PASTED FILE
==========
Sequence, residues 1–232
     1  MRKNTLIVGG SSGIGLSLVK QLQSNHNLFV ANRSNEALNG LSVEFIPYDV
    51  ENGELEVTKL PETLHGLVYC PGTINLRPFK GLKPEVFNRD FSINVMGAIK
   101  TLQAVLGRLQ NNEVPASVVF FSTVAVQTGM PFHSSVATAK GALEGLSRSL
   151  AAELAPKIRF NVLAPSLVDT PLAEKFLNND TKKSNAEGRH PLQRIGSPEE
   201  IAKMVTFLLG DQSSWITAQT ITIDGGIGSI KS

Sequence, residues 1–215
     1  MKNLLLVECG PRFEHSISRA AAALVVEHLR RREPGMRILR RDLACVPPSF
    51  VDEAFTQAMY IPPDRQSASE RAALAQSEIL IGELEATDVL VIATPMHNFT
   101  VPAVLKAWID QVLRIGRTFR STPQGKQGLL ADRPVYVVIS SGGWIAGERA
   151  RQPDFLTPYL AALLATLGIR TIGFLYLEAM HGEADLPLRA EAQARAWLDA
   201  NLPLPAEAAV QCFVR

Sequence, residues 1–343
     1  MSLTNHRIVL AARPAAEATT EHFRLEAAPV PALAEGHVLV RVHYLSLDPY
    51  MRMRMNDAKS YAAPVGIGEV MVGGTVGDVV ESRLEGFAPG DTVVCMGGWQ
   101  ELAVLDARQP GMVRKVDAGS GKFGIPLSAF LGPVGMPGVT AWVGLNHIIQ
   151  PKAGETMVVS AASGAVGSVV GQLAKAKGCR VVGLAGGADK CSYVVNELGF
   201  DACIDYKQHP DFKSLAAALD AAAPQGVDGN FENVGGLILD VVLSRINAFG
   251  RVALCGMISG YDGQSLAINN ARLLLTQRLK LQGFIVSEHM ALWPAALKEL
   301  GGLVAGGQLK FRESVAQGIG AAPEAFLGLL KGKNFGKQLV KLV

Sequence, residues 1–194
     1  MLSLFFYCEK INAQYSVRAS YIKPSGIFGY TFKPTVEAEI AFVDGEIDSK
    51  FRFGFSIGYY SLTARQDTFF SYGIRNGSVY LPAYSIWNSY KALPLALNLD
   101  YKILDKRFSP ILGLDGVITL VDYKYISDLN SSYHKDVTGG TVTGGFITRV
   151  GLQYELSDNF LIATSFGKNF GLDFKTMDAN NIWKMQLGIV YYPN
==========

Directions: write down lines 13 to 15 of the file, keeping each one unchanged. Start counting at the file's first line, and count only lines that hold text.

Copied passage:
Sequence, residues 1–343
     1  MSLTNHRIVL AARPAAEATT EHFRLEAAPV PALAEGHVLV RVHYLSLDPY
    51  MRMRMNDAKS YAAPVGIGEV MVGGTVGDVV ESRLEGFAPG DTVVCMGGWQ